Seattle Times staff reporter Bob Condotta breaks down this week’s Seahawks playoff opponent, the Minnesota Vikings.

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Game time: 10 a.m. Sunday.

TV: NBC (Ch. 5).

2015 record: 11-5, first in the NFC North.

By the numbers

27

All-time playoff losses by the Vikings, most in NFL history. Minnesota has won 19 playoff games.

3

Times the Vikings had fewer than 300 yards in total offense this season, including 125 against Seattle on Dec. 6.

327

Peterson’s rushing attempts this season, 39 more than any other NFL running back.

Coach: Mike Zimmer.

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The series: The Seahawks lead it 9-5, including a 38-7 win at Minnesota on Dec. 6. The Seahawks also have won the past three games in the series, in 2012, 2013 and this season. The teams have not met in the playoffs.

Early line: Seahawks by 5½ points.

Key players:

RB Adrian Peterson: After playing just one game in 2014 due to a suspension, Peterson led the NFL in rushing this season with 1,485 yards. The 30-year-old, though, gained only 18 of those yards in the first meeting against the Seahawks, a game in which he had just eight carries. That was the third-fewest yards and tied for the fourth-fewest carries of his career. And though Peterson averaged 4.5 yards per carry for the season, he was held to 3.53 yards per carry or less in five of the past seven games and battled a back injury at the end of the season. Peterson said the back won’t prevent him from playing against the Seahawks.

QB Teddy Bridgewater: The second-year QB from Louisville hasn’t put up flashy numbers and didn’t play well in Sunday’s win at Green Bay, throwing for a season-low 99 yards. But he’s 17-11 as a starter and cut down markedly on his interceptions this season (nine in 447 attempts). He has just one interception in the past four games (though that was a rather inexplicable one, a left-handed heave under pressure).

FS Harrison Smith: Smith missed almost all of the first meeting with the Seahawks, leaving early in the game because of a sprained knee that also cost him the next three games, as well. When healthy, Smith was regarded as being among the top handful of free safeties in the NFL, and the Vikings undoubtedly will be eager to see if a defense with Smith manning the back end will do better against Seattle.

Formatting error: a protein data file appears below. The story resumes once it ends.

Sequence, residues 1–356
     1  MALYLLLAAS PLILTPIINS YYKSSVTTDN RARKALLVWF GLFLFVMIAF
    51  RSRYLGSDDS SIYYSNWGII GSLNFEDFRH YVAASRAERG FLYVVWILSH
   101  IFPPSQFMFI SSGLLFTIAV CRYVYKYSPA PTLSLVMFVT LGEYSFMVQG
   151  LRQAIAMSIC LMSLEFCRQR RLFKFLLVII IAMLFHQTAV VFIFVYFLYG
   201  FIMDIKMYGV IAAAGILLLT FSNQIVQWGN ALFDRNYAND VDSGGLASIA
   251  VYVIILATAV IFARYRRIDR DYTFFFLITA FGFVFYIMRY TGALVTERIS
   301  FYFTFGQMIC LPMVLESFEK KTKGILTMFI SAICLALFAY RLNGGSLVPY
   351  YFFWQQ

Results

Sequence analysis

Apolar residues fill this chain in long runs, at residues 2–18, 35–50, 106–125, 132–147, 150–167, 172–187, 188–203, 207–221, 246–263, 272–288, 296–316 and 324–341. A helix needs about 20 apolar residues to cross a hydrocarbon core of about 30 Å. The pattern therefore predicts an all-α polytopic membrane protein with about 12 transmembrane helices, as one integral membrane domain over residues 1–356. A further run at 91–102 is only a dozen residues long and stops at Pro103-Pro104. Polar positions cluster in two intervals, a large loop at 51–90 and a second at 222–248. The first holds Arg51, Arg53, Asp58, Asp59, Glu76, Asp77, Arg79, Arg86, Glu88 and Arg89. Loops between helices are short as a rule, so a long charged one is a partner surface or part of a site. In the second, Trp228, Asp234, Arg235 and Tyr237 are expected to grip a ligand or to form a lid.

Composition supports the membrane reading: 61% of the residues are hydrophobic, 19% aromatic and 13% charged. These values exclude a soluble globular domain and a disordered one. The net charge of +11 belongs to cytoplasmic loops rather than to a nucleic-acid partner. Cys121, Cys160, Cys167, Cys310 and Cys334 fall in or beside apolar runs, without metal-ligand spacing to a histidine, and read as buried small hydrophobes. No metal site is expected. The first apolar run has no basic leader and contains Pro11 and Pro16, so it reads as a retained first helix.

DE Everson Griffen: A former USC star who played there under Pete Carroll, Griffen is coming off one of the best games of his career with two sacks against the Packers, including one that forced an Aaron Rodgers fumble that was returned for a touchdown. Griffen typically plays on the right side and will match up with Seattle left tackle Russell Okung, assuming he’s healthy. Okung held Griffen without a sack or QB hit on Russell Wilson in the first game.

Minnesota’s keys to success: Though you might not have been able to tell from the way they played in their loss to Seattle in December, the Vikings won the NFC North this season the old-fashioned way — with a strong running game and defense. The Vikings were just 29th in total offense at 321.2 yards per game. But behind the running of Peterson they were fourth in rushing at 4.7 yards per carry and fourth in rushing touchdowns with 18, and had the third-lowest pass-to-run ratio in the NFL. The Vikings were 31st in the NFL in passing offense at 183 yards per game, and their 454 attempts were 19 fewer than any other team. The defense hardly put up glittering statistics, ranked 13th overall — 12th against the pass and 17th against the run. But the Vikings simply had a knack for getting the key stop at the key time. They ranked fifth in third-down defense, allowing teams to convert just 34.5 percent of the time, and fourth in keeping teams out of the end zone when inside the 20-yard line. Minnesota doesn’t blitz a lot, bringing pressure about 25 percent of the time, ranked in the bottom third of the NFL most of the season. Minnesota has decent special teams keyed by kickoff returner Cordarrelle Patterson, who returned two kickoffs for touchdowns, including one against the Seahawks.

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